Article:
Could Maduro, Chávez's choice as successor, mend Venezuela's rifts?
Nicolas Maduro, who Venezuelan President Hugo Chávez has flagged as his desired successor, was formerly a union leader – an experience that suggests an inclination for dialogue with opponents.
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Maduro has often been at Chavez's side during his cancer treatments in Havana.
"Nicolas is a person who can talk to anyone," said Jose Albornoz, who worked alongside him as a legislator for a party allied with the government that later split with Chavez.
"His work with unions taught him to communicate with his adversary. I think he could open a dialogue with (opposition leaders) to make sure his government is successful."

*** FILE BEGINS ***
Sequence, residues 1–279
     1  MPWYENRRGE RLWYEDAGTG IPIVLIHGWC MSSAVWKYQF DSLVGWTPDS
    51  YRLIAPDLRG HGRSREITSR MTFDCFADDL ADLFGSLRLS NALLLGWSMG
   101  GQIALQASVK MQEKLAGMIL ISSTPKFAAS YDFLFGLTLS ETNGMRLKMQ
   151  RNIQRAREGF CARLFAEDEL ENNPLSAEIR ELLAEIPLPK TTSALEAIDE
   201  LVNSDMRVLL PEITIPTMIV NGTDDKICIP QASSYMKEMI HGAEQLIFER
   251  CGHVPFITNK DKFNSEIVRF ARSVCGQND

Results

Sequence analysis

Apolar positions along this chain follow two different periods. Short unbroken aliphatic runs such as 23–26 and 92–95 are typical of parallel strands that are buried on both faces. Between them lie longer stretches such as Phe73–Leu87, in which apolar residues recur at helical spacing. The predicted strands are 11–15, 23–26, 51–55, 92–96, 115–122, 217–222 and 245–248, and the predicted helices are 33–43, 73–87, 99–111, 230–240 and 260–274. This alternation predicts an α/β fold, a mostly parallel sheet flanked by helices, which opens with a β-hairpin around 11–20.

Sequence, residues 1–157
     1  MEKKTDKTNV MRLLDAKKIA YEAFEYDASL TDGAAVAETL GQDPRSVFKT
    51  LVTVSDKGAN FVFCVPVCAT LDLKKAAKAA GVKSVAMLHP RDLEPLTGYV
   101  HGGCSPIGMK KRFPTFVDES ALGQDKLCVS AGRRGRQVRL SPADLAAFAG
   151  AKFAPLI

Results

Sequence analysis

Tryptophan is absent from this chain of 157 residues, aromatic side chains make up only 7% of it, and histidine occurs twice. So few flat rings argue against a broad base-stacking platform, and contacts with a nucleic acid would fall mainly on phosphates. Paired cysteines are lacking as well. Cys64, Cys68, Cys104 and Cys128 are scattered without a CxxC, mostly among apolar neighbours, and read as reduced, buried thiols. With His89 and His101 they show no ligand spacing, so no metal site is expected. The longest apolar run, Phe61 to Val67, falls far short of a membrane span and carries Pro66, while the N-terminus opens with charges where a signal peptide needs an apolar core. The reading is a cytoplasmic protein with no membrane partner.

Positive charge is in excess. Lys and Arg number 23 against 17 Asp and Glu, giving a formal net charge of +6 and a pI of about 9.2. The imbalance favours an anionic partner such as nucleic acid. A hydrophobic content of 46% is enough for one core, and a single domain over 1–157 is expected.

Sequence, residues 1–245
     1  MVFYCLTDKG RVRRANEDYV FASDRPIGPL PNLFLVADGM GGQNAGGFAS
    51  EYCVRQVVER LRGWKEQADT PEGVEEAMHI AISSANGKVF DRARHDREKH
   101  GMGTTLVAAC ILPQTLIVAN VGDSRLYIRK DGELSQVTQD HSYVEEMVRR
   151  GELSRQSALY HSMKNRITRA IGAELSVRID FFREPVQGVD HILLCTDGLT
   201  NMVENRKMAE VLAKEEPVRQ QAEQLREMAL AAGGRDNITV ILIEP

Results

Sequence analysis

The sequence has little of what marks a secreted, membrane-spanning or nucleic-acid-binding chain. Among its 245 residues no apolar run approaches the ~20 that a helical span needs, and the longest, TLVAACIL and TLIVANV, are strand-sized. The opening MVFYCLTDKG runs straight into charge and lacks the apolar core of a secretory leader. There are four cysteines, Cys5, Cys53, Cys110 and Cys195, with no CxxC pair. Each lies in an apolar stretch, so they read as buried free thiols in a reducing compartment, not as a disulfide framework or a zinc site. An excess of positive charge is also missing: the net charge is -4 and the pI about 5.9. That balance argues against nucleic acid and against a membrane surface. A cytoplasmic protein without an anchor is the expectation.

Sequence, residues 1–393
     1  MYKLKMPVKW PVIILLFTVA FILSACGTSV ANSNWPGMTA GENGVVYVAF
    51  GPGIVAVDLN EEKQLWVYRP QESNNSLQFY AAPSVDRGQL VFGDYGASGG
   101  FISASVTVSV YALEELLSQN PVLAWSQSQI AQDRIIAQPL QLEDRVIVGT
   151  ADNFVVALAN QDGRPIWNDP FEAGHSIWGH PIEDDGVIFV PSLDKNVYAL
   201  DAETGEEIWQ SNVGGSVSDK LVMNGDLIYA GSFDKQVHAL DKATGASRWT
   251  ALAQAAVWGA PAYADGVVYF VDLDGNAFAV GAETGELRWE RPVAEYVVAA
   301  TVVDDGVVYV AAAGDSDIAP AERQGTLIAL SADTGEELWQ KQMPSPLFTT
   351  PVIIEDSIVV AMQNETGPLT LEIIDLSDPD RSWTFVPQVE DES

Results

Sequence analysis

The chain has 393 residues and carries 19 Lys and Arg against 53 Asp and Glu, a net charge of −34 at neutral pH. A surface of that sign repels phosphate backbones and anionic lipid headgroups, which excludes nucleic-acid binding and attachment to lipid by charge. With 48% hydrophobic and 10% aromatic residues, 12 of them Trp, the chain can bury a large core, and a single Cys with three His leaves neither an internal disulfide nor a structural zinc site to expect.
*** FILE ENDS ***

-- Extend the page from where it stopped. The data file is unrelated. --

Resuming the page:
Maduro could face tough economic decisions including a widely expected currency devaluation, a price hike for heavily subsidized fuel and cuts in state spending after Chavez's lavish campaign that helped him win re-election in October.
The idea of transition from Chavez to Maduro may well have come from Cuba's Fidel Castro, Chavez's political mentor who six years ago handed over power to his younger brother Raul after falling ill himself. The younger Castro has since begun a slow transition away from centrally planned communism.
More pragmatic leadership from Maduro could help tackle problems including crime, inflation and unemployment that critics say have gone unchecked because of Chavez's rigid ideological approach to them.
While Chavez has a reputation for choosing government officials on the basis of loyalty and political views, people who have worked with Maduro commend him for prioritizing credentials and hard work.
"He's a real man of the people," Ecuadorean Ambassador Ramon Torres told Reuters.